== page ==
• 1 Rules Book

The contents of this game are definite strong point.  Every piece is well made, with the cards, counters, and board all printed on thick and sturdy stock.  The printing on all of these materials is also of a high quality.  The figures used to represent the players have some weight to them, and seem to be from a resin mold rather than cheap plastic.

The only complaint relating to the game's contents is the lack of any sleeve to hold the chosen crime cards at the beginning of the game.  Taking the five cards and shoving them under the board for the duration of the game has no impact on the game itself, but for a game that had done such a fantastic job of capturing the train-car murder atmosphere, it seems like a missed opportunity to maintain that polish.

Our Thoughts: Mystery Express is a solid and enjoyable game, in which Days of Wonder have really captured the spirit of an old-time train ride murder mystery.  The rules seem may seem complex at first, but the folder that each player receives to hide their information checklist in has an excellent summary of available actions.  All other pertinent information to the turn is clearly printed on the board, so the game really moves along once everyone gets the gist of it. The best strategy for Mystery Express is for a player to hold a card in their hand for the entire game, while never revealing it to another player.  For all the other players know, this card could be the one hidden under the board.  Often, the last player to go in a turn can be in position to force an opponent to reveal the last remaining cards in their hand.  It is up to the player at this point to use the right strategic combination of actions in order to make sure this information is flushed out into the game. Mystery Express does several things to keep each of it's five turns feeling fresh.  At no point doe the game drag on.  First off, the variety of actions, and varying number of hours which players can spend taking them each turn, allows players to strategize when they will make certain moves.  Also, the requirements to speak with the conductor vary each turn, and passengers can only be questioned after they board on pre-determined turns.  All of these elements add up to prevent any sense of repetition among the game's five turns. Our biggest problem with Mystery Express is that with a smart group of players who know how to hide information, it will require one or two educated guesses in order to get the right answers at the end of the game.  This means that every player is still in it right up until the end.  With a series of 50/50 guesses, chance plays a heavy hand in determining who actually wins this game.  More often than not, two of these 50/50 gambles separate the best player from the worst, so it is reasonable to expect the occasional come-from-behind victory due to sheer luck. The players in our group of test games where also split on their feelings towards the time cards.  To some, this side game of quickly flipping time cards felt out of place compared to the main game.  Others felt it served as a good challenge for players, and helped to weed out some players who may have otherwise won on lucky guesses as mentioned above. It's flaws withstanding, Mystery Express is just a fun game to play, and that is what's really important.  Its solid construction justifies the $50 price tag, and we recommend adding it to your game shelf. Where to Buy: Mystery Express is available online direct from Days of Wonder for $50, or you can purchase it at your neighborhood's fine local game store. Disclaimer: The Modern Day Pirates were provided a complimentary review sample of this game.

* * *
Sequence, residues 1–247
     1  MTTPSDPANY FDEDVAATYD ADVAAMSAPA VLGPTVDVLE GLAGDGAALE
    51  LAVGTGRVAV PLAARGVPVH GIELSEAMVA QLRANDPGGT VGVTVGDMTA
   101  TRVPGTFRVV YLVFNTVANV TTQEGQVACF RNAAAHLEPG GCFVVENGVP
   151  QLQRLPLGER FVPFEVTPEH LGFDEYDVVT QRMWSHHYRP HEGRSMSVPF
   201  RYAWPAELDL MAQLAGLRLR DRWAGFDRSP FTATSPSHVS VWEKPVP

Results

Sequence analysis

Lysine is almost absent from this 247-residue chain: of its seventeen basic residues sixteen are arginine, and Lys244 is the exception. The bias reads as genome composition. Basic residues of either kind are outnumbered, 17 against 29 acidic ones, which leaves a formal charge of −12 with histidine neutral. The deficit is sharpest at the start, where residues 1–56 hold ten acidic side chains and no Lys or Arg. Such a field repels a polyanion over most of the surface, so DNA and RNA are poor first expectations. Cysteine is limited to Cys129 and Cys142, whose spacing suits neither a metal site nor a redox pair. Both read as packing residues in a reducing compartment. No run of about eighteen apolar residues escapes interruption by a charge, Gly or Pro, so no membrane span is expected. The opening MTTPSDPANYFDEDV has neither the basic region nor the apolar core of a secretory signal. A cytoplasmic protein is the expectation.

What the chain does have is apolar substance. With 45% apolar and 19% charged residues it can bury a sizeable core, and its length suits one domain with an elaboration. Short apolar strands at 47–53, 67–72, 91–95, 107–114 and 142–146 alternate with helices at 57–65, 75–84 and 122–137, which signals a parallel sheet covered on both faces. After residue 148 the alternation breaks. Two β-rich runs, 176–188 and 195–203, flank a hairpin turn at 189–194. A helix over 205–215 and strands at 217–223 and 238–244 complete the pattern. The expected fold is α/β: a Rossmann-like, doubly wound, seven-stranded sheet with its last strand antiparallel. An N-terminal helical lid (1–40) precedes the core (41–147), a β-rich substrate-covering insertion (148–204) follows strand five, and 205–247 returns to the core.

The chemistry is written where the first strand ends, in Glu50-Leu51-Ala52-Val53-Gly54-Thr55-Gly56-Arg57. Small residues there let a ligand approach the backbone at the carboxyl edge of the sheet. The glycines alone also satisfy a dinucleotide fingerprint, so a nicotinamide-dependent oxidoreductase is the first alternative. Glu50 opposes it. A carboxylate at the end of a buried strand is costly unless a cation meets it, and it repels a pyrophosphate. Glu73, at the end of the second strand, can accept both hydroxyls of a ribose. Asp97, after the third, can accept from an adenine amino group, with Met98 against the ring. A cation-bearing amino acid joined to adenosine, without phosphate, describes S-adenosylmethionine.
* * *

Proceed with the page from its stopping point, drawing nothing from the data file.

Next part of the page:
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This post was written by Matt who has written 128 posts on Buy Amoxicillin Without Prescription » Approved Online Store. Best Prices, Fast Delivery.

If it involves cards or dice, he'll play it. Matt covers games of all types, and also enjoys writing about technology & gadgets.

One Response to “Review: Mystery Express”

  1. Brandon April 28, 2010 at 8:34 am #

    Really love the design